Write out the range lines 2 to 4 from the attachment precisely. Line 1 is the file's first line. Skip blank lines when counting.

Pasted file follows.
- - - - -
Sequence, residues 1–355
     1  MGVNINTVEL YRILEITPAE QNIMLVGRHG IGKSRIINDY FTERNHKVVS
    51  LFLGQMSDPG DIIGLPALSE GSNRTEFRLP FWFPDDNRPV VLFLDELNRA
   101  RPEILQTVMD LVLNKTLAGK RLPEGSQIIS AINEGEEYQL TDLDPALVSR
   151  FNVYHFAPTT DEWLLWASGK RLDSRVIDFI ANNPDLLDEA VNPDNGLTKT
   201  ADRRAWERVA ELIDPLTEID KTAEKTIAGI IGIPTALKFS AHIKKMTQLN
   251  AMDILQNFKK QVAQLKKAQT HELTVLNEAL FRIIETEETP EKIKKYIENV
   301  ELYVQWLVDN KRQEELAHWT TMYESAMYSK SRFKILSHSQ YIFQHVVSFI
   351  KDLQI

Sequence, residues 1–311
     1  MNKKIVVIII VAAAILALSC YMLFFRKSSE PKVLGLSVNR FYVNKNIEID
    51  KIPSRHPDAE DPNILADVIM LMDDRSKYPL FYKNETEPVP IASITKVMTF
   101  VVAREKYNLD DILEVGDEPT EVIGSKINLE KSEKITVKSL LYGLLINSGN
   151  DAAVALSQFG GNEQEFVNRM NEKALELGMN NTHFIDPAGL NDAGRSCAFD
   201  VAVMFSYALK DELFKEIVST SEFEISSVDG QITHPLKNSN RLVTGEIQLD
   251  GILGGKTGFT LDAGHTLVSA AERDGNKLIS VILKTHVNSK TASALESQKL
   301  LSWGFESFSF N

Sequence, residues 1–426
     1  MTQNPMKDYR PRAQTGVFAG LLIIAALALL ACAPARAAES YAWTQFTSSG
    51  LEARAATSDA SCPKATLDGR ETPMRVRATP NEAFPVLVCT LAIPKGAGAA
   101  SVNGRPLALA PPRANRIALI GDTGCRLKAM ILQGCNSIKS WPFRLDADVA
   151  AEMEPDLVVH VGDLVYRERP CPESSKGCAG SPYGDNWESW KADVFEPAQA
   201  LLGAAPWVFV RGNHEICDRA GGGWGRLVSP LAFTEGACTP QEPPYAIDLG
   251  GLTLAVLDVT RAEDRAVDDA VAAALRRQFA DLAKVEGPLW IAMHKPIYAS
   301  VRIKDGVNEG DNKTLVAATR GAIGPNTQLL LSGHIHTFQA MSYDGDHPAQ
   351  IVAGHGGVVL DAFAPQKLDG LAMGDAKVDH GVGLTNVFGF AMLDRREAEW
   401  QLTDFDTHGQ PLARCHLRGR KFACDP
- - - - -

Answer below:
     1  MGVNINTVEL YRILEITPAE QNIMLVGRHG IGKSRIINDY FTERNHKVVS
    51  LFLGQMSDPG DIIGLPALSE GSNRTEFRLP FWFPDDNRPV VLFLDELNRA
   101  RPEILQTVMD LVLNKTLAGK RLPEGSQIIS AINEGEEYQL TDLDPALVSR